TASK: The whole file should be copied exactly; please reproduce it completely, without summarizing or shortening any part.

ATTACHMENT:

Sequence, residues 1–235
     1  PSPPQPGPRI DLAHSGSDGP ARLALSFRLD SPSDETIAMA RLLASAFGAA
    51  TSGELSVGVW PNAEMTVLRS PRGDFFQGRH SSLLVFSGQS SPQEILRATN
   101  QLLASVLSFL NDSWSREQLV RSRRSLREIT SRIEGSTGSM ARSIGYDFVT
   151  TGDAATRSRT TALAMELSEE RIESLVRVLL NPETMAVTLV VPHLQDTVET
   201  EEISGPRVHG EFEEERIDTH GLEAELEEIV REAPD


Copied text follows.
Sequence, residues 1–235
     1  PSPPQPGPRI DLAHSGSDGP ARLALSFRLD SPSDETIAMA RLLASAFGAA
    51  TSGELSVGVW PNAEMTVLRS PRGDFFQGRH SSLLVFSGQS SPQEILRATN
   101  QLLASVLSFL NDSWSREQLV RSRRSLREIT SRIEGSTGSM ARSIGYDFVT
   151  TGDAATRSRT TALAMELSEE RIESLVRVLL NPETMAVTLV VPHLQDTVET
   201  EEISGPRVHG EFEEERIDTH GLEAELEEIV REAPD